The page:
Today, Lightspeed Systems issued the results of an internal competitive study that positions Securly’s and another vendor’s products as inferior in enforcing CIPA compliance.
Our initial instinct was to not respond since it was apparent to us how the market generally reacted. Having said that, the amount of concern coming from our customer and prospect base compels us to issue a fact-based response of who Securly is and why we do what we do. I have organized my response into 3 distinct sections:
- What is student safety, really? With the advent of 1:1 programs, does “CIPA Compliance” and “Student Safety” mean the same thing in the year 2018?
- PageScan – The portion of our product that acts as the first line of defense for inappropriate websites.
- The team behind PageScan and Securly. Why we feel qualified to build security products for K-12.
Children learn about stranger danger from a very young age. We remind them about the importance of their safety whenever they step out of the home. Those same cautions should be applied to the cyber world.
Children are beginning to use the internet at younger ages. They have access to oodles of information at their fingertips and the ability to network instantly across distances. But there are some real risks and safety concerns when it comes to the world wide web.
Part 1 explored safety concerns and hidden dangers of social apps popular with teens today. But the more we researched, the more risky apps and websites we found. So today we are bringing you Part 2, an investigation into more popular teen apps.
On average, teens spend about 9 hours a day using media. With summer break, that number may increase. The apps most popular among teens and tweens may seem harmless; however, there are real safety concerns that parents need to be aware of:
Since 2015, Auditor and Filter have used AI-based technology to flag messages of grief and bullying in emails, social media posts, and Internet searches. When a concerning message is detected, automated email alerts are sent to the IT admin in that district. But we knew we could do one better. So last September, we released securly:// 24 to the world.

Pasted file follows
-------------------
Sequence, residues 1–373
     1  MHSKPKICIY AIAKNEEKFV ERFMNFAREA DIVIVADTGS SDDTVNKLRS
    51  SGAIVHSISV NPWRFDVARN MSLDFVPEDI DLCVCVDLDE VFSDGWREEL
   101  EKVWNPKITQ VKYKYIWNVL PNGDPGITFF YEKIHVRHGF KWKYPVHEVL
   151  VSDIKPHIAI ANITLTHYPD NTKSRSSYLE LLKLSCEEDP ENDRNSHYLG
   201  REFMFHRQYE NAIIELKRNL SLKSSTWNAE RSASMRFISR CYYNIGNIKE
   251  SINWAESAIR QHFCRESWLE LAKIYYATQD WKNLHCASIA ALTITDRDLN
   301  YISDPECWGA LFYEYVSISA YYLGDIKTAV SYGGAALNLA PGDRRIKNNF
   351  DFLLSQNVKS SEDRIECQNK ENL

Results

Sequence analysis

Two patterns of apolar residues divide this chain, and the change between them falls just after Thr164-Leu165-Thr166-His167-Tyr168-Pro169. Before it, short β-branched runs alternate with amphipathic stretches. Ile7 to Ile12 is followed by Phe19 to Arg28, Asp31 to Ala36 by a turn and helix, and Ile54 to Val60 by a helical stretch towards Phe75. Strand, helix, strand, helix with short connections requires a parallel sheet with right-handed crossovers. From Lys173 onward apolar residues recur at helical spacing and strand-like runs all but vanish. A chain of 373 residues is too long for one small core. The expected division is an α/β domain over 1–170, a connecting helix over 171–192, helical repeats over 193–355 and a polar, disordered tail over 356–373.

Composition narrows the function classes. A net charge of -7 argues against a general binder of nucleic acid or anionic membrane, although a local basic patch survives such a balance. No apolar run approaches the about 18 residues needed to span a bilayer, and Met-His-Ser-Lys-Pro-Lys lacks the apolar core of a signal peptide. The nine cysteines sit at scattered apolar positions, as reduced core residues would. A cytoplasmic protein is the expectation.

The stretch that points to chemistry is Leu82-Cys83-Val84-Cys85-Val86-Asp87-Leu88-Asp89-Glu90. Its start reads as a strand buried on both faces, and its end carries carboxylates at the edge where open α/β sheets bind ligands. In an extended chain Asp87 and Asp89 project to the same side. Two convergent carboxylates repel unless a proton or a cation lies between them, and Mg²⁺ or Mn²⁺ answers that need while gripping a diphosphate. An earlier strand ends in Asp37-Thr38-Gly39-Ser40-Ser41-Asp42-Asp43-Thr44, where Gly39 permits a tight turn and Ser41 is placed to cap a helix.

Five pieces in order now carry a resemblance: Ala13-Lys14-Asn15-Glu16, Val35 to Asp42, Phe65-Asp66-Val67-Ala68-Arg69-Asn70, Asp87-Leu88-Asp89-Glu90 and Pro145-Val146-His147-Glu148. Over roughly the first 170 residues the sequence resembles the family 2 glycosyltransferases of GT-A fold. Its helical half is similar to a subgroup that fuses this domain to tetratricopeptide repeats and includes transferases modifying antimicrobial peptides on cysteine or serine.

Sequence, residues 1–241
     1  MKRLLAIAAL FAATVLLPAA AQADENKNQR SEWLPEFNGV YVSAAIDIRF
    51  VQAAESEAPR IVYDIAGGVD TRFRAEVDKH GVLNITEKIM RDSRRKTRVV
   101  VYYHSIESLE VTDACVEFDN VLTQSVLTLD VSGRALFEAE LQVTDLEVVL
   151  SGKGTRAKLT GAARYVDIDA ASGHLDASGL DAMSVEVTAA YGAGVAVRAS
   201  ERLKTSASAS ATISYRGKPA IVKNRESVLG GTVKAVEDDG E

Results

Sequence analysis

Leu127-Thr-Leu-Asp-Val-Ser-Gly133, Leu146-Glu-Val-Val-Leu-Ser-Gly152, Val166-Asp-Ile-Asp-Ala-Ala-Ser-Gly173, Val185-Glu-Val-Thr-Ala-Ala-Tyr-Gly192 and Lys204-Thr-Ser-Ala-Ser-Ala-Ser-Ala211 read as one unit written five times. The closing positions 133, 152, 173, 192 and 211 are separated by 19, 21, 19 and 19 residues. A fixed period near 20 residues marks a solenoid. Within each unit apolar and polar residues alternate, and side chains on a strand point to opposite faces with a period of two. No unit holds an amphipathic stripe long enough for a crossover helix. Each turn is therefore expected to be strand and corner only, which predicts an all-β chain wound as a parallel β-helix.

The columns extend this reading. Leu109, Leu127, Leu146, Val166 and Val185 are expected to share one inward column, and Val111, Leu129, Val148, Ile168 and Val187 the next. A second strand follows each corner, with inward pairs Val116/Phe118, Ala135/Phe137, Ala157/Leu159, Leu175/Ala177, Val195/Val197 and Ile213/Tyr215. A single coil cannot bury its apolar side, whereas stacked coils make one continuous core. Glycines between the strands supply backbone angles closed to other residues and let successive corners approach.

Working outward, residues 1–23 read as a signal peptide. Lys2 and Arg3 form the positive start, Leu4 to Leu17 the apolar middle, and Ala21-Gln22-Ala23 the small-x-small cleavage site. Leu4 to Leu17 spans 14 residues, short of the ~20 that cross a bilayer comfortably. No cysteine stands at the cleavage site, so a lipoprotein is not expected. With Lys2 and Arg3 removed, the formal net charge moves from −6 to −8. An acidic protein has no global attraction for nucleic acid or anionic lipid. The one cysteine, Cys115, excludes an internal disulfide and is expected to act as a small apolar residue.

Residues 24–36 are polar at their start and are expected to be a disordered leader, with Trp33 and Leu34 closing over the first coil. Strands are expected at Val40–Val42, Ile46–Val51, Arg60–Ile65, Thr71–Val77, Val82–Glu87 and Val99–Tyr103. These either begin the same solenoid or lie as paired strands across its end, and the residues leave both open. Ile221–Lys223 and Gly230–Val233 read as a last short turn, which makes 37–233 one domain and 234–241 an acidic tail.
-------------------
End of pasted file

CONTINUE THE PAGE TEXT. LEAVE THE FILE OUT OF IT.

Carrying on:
Welcome to our 24 Student Safety Operations. This combines our Auditor and Filter sentiment analysis algorithm with a team of Student Safety Analysts who conduct risk analysis in real time on alerts flagged for suicide, depression, self-harm, and bullying. If the alert indicates imminent danger for the student, our analysts notify designated emergency contacts from the school immediately.
Even better? Our analysts are able to review the student’s previous alerts and search activity to form a more complete picture of the situation. This kind of insight means that we can help a suicidal student who vaguely emailed a friend they were in pain, but searched “how to kill yourself” on Google 5 minutes later.
“Securly has unique insight to student’s online activities and our analysts are trained to use this information to identify students experiencing real threats to their safety,” says Kathy Boehle, Director of Securly’s 24 Student Safety Operations. “Students aren’t always straightforward when communicating via email. Often Securly’s search data can clarify which students are a little sad, and which students are desperate and need immediate help.”
After a few short months, 34 lives have been saved. Here are just a few of those stories:
Summer is just around the corner and you may have already begun planning family vacations and outings. But before they have fun, your kids have to take a little something called final exams [insert scary Halloween-like sounds here].
In 2013, Securly had its humble beginnings as a web filter company with the release of our flagship filter product. Student safety has always been our mission, and something we have prioritized when building and releasing new products and services for the K-12 market. 5 years of releases and launches later, we are not just a web filter company. We are The student safety company. Presenting…5 Years with Securly!
It’s Mental Health Month, and today is National Children’s Mental Health Awareness Day. 11.01% of 12-17 year olds reported suffering from at least one major depressive episode in 2017, and suicide is the third leading cause of death for children aged 10-14.
Thanks to Part 1, we know how suicides can happen, and what factors can contribute to those feelings. Now, we’ll take a look at how those suicidal thoughts manifest through actions, and how you can catch them when they happen.
Teens are suffering second-degree burns from purposefully rubbing salt and ice on their skin. Laundry detergent pods are being swallowed resulting in hospitalizations. Recently, a student at a New Jersey High School died after playing something called the Choking Challenge.
The recent rise of social media challenges is putting teens at risk of serious physical harm. So why are these internet challenges so appealing? Why would teens purposely inflict harm on themselves for fun?